Diuretics are used to treat hypertension and congestive heart failure. They increase the secretion of sodium and chloride in the urine, which leads to fluid loss. Since water is a major constituent of blood, it contributes greatly to blood volume. Blood volume, in turn, has a direct impact on blood pressure. Consequently, any significant changes in the amount of body fluids will affect blood pressure, so blood pressure is reduced as a result of water loss. Clients who are taking diuretics usually need to use the bathroom more frequently. Be aware that this loss of fluid through diuretic use coupled with the fluid lost from exercise can easily lead to dehydration. Remember to monitor the client’s fluid intake and allow for adequate water consumption and restroom breaks. Common brands of diuretics include Lasix, Aldactone, Esidrix, Hydrodiuril, Oretic and Thiuretic.

Because high blood pressure is treated by decreasing the amount of fluid in the body, there is the possibility of postural hypotension. This occurs when the blood pressure suddenly drops after standing up too quickly and might lead to dizziness or loss of consciousness. Another problem that can develop with the use of diuretics is due to a depletion of the body’s potassium stores, a condition called hypokalemia. This condition causes weakness and fatigue. If you have a client who takes a diuretic and is complaining of theses symptoms, suggest a consultation with a doctor.

Medications are sometimes needed to help prevent or control coronary heart disease (CHD) or to reduce the risk for a first or a repeat heart attack. Even if medications are needed, however, lifestyle changes still must be undertaken. As you will see, some of the medications listed for CHD are also used to lower blood pressure since many people with heart disease already have high blood pressure. Remember, high blood pressure itself is a risk factor for heart disease.

Drugs and CHD

Drugs and High Blood Pressure


  1. American College of Sports Medicine, ACSM’s Guidelines for Exercise Testing and Prescription. (6th ed.). Philadelphia, PA: Lippincott Williams & Wilkinson.
  2. Centers for Disease Control and Prevention. Early release of selected estimates based on data from the January-June 2003 National Health Interview Survey. URL:
  3. Centers for Disease Control and Prevention. Prevalence of health care providers asking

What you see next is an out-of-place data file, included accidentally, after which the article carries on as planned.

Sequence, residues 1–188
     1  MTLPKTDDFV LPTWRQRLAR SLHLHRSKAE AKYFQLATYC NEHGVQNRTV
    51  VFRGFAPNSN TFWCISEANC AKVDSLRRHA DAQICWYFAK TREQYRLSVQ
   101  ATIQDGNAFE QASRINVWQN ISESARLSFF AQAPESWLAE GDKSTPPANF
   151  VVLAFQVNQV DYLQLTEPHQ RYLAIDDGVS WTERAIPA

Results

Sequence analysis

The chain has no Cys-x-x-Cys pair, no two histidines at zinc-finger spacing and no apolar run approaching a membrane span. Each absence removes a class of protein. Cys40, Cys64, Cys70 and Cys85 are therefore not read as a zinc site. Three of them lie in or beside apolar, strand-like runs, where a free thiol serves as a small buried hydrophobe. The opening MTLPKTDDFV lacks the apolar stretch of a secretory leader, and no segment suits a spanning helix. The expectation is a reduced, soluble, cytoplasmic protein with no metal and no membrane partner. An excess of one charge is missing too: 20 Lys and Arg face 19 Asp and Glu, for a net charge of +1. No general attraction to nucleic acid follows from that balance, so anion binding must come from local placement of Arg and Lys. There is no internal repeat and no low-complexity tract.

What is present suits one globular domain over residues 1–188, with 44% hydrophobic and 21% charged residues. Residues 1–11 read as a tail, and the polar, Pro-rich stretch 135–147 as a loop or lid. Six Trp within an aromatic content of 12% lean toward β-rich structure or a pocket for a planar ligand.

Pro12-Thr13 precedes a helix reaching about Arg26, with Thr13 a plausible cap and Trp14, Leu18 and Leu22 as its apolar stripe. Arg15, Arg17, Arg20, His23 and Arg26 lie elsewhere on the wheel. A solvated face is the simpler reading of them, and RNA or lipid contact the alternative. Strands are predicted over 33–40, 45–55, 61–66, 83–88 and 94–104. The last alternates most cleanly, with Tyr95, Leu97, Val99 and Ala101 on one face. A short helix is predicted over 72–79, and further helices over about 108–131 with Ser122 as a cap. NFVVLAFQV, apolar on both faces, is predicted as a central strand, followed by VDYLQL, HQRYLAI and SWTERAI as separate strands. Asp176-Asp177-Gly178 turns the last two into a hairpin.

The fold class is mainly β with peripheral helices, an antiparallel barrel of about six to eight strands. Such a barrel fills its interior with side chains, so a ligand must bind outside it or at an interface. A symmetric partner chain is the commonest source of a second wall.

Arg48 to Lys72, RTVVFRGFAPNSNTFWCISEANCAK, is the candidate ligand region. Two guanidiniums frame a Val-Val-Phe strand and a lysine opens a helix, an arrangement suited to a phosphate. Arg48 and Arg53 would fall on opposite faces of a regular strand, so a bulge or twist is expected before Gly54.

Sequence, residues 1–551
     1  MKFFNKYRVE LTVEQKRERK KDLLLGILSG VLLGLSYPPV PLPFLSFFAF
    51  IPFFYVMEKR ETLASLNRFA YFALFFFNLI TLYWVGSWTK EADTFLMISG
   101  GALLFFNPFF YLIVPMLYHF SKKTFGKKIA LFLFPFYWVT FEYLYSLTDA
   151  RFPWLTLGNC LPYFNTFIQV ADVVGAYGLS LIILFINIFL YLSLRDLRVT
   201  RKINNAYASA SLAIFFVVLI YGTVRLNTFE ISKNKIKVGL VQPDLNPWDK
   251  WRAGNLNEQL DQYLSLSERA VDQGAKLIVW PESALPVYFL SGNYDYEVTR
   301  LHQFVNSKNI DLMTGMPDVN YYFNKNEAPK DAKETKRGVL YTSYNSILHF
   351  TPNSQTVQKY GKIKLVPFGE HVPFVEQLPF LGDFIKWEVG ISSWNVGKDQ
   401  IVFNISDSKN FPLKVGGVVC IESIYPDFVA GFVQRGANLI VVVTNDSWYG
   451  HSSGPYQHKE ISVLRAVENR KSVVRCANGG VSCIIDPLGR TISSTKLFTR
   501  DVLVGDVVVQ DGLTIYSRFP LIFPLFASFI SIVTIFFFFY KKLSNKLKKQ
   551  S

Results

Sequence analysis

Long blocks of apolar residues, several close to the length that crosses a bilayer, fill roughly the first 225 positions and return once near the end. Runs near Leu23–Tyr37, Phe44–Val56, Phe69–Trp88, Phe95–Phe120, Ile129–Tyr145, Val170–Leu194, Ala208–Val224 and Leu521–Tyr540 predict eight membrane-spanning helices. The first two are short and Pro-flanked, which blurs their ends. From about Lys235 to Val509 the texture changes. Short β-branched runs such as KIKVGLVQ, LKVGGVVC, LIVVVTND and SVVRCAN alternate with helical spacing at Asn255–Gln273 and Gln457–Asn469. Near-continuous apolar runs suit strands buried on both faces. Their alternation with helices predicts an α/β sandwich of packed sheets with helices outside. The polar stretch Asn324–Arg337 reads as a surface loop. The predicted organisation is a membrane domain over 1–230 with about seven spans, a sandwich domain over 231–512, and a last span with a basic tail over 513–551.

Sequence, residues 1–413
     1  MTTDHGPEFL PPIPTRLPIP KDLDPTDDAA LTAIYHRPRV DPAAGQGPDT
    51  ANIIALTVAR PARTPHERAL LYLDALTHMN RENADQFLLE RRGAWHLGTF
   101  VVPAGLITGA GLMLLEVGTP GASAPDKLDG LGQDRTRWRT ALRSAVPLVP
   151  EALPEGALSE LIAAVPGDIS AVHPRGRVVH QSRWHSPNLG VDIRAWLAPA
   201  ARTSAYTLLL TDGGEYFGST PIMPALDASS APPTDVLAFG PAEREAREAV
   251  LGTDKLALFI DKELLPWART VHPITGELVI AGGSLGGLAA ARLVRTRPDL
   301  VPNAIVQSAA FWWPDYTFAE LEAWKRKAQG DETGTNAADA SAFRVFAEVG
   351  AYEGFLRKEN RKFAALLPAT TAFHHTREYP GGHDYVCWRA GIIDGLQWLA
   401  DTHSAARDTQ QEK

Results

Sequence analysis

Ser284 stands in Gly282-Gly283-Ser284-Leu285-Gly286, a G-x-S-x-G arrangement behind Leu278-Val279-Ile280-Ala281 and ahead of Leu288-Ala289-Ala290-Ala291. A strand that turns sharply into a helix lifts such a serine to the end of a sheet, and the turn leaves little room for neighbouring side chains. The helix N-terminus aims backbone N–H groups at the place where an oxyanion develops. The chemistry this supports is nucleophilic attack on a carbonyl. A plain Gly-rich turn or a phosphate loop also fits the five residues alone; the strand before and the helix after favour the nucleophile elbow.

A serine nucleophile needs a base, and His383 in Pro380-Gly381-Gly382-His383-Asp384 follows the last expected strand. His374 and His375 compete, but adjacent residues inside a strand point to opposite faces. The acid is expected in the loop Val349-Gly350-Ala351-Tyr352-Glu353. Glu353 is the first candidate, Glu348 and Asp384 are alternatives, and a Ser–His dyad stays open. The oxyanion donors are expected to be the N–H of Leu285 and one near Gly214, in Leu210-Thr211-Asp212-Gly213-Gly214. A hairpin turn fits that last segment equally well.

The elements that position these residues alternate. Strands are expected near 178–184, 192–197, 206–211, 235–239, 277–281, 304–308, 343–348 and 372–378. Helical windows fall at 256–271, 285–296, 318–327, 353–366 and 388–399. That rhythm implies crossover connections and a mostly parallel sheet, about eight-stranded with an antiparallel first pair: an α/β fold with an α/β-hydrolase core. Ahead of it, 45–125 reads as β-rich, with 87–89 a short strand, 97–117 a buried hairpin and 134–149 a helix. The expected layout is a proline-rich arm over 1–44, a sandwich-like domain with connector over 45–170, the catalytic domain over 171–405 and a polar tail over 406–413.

older adults about their physical activity levels—United States, 1998. Morbidity and Mortality Weekly Report. 51(19):412-4, 2002.
  4. Centers for Disease Control and Prevention. Promoting active lifestyles among older adults. Atlanta: CDC, National Center for Chronic Disease Prevention and Health Promotion. Nutrition and Physical Activity. URL:
  5. Centers for Disease Control and Prevention. Increasing physical activity: a report on recommendations of the Task Force on Community Preventive Services. Morbidity and Mortality Weekly Report 50(No. RR-18):1-14. 2001. URL:
  6. Evans, W.E., Johnson, J.A. Pharmacogenomics: the inherited basis for interindividual differences in drug response. Annu Rev Genomics Hum Genet 2:9-39, 2001.
  7. Evans, W.J. Exercise as the standard of care for elderly people. J Gerontol A Bio Sci Med Sci 57(5):M260-M261, 2002.
  8. Gill, T.M., DiPietro, L., Krumholtz, H.M. Role of exercise stress testing and safety monitoring for older persons starting an exercise program. JAMA, 284(3):342-349, 2000.
  9. Judge, J.O., Kenny, A.M., Kraemer, W.J. Exercise in older adults. Conn Med. 67(8):461-464, 2003.
  10. Kraemer, W.J., Ratamess, N.A. Fundamentals of resistance training: Progression and exercise prescription. Med Sci Sports Exerc. 36 (4): 674-688, 2004.
  11. The Merck Manual of Geriatrics. Merck & Co., Inc, 2004.
  12. Mokdad, A., Marks, J., Stroup, D., Gerberding, J. Actual Causes of Death in the United States, 2000. JAMA 291:1238-1245, 2004.
  13. Mosca, L., Appel, L.J., Benjamin, E.J., et al. Evidence based guidelines for cardiovascular disease prevention in women. Circulatio 109(5):672-693, 2004.
  14. Mukherjee, D., Topol, E.J. Pharmacogenomics in cardiovascular diseases. Prog Cardiovasc Dis 44(6):479-498, 2002.
  15. National Center for Health Statistics. Life expectancy, preliminary data 2000. National Vital Statistics Reports, 49(12). URL:, 2003.
  16. National Heart, Lung, and Blood Institute. Clinical Guidelines on the Identification, Evaluation, and Treatment of Overweight and Obesity in Adults. [2003] URL:
  17. Physical Activity and Older Americans: Benefits and Strategies. June 2002. Agency for Healthcare Research and Quality and the Centers for Disease Control.
  18. Pleis, J.R., Coles, R. Summary health statistics for U.S. adults: National Health Interview Survey, 1998. National Center for Health Statistics. Vital Health Stat 10(209), 2002.